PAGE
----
June 2007 Monthly Forecast

Posted 31 May 2007
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AFRICA

Liberia

Expected Council Action
The Council awaits the Secretary-General’s quarterly report on the UN Mission in Liberia (UNMIL). Resolution 1750 renewed UNMIL’s mandate until 30 September. This interim report is expected to propose a drawdown plan, including “specific recommendations on force levels and options”. At press time, it seems unlikely that members will want to revise UNMIL’s size before 30 September. The Council is expected to renew the mandate of the sanctions Panel of Experts by 20 June. The Panel is scheduled to submit its final report by 6 June.

Key Recent Developments
The Council lifted the embargo on Liberian diamond exports in late April. On 27 April, resolution 1753 also signalled that the decision would be reviewed after reports from the Kimberley Process and the Panel of Experts on Liberia’s accession to and compliance with the Kimberley certification scheme. (For more details, see our 26 April Update.)

The March Secretary-General’s report underlined that some progress has been made concerning benchmarks for UNMIL’s drawdown. There is concern nonetheless with the slow pace in some key areas, including:

  • the reconstitution of the armed forces;
  • the adoption of a national security strategy;
  • the completion of reintegration programmes for ex-combatants; and
  • the consolidation of state authority throughout Liberia.

The Special Court for Sierra Leone announced that the trial of former Liberian president Charles Taylor is scheduled to begin on 4 June at the Court’s outpost in The Hague. The trial is expected to take up to 18 months to complete.

Key Issues
The key issue in June will be whether to begin considering UNMIL’s future troop levels. This has been postponed for some time in view of Liberia’s huge reconstruction and peacebuilding needs, and the challenging regional environment. However, ongoing pressure to free up peacekeeping resources for other missions makes it likely that at least some initial views on this issue will be laid out.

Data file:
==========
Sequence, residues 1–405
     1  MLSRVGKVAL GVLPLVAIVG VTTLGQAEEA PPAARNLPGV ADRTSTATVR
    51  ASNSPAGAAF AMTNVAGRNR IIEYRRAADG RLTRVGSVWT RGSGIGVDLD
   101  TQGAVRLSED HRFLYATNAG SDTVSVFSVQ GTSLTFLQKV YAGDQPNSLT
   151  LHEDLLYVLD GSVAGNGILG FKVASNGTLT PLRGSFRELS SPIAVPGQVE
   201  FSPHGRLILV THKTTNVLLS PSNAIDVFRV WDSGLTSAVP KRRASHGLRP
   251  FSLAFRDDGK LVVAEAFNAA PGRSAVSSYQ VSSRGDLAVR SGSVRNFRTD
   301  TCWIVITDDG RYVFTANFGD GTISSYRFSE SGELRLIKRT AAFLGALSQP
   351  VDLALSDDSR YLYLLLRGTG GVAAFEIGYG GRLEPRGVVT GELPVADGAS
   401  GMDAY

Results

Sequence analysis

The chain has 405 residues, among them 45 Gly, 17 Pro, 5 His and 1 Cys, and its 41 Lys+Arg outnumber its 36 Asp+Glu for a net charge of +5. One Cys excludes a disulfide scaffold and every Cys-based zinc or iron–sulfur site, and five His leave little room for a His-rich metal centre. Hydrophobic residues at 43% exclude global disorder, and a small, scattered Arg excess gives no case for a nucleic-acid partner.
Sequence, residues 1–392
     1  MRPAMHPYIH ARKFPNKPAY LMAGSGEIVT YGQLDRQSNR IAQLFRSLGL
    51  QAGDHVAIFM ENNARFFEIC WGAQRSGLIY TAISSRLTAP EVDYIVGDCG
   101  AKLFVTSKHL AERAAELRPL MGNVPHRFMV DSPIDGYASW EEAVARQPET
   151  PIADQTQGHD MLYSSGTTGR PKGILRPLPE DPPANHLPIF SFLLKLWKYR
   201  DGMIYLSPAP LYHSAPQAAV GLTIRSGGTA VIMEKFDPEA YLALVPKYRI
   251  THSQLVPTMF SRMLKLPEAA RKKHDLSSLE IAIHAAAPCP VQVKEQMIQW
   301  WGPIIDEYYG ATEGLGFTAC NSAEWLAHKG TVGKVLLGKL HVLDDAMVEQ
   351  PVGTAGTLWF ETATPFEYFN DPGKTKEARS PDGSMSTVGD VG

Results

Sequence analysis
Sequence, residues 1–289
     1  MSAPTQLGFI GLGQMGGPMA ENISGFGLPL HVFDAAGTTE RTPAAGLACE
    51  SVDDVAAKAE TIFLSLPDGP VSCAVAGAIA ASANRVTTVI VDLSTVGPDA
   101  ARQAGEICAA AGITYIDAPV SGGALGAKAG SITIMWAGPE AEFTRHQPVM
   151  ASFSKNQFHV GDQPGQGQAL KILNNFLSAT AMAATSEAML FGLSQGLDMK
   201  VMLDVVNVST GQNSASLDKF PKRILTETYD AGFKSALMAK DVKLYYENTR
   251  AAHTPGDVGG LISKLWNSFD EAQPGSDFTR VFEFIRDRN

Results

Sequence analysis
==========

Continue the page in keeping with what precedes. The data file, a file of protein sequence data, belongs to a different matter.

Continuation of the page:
Council Dynamics
There is sympathy among most Council members regarding Liberia’s peacebuilding needs. There is also concern that regional developments, particularly in Guinea and Côte d’Ivoire, may threaten peacebuilding achievements in Liberia and Sierra Leone.

There is nonetheless awareness that if reasonable progress is being made on drawdown benchmarks, the time will come soon to address UNMIL’s size given the increased peacekeeping demand and related costs.

Underlying Problems
The situation in neighbouring Guinea had been a related concern.  However, it seems to have improved this year with the appointment of a new prime minister and cabinet and the apparently successful defusing of a planned army mutiny in May.  In addition, Liberia, Sierra Leone and Guinea in late April unveiled plans to revive the regional bloc known as the Mano River Union, largely dormant since the early 1990s due to the conflicts in the region.

UN Documents

Selected Security Council Resolutions
  • S/RES/1753 (27 April 2007) lifted the diamonds embargo.
  • S/RES/1750 (30 March 2007) renewed UNMIL until 30 September and requested detailed drawdown plans.
  • S/RES/1731 (20 December 2006) renewed sanctions.
  • S/RES/1532 (12 March 2004) imposed an assets freeze against former President Charles Taylor and associates.
  • S/RES/1521 (22 December 2003) imposed sanctions.
  • S/RES/1509 (19 September 2003) established UNMIL.
Selected Secretary-General’s Reports
  • S/2007/151 (15 March 2007) was the latest UNMIL report.
  • S/2007/143 (13 March 2007) was a report on cross-border issues in West Africa.
Other
  • S/2006/1044 (28 December 2006) was the latest sanctions committee report.
  • S/2006/976 (13 December 2006) was the latest report of the Panel of Experts.

Other Relevant Facts

Special Representative of the Secretary-General
Alan Doss (United Kingdom)
UNMIL: Size, Composition and Cost
  • Total authorised strength: up to 14,875 military and 1,240 police
  • Strength as of 30 April 2007: 14,060 military and 1,202 police
  • Key troop-contributing countries: Bangladesh, Ethiopia, Nigeria and Pakistan
  • Cost: 1 July 2006 – 30 June 2007: $745.57 million
UNMIL: Duration
September 2003 to present; mandate expires 30 September 2007

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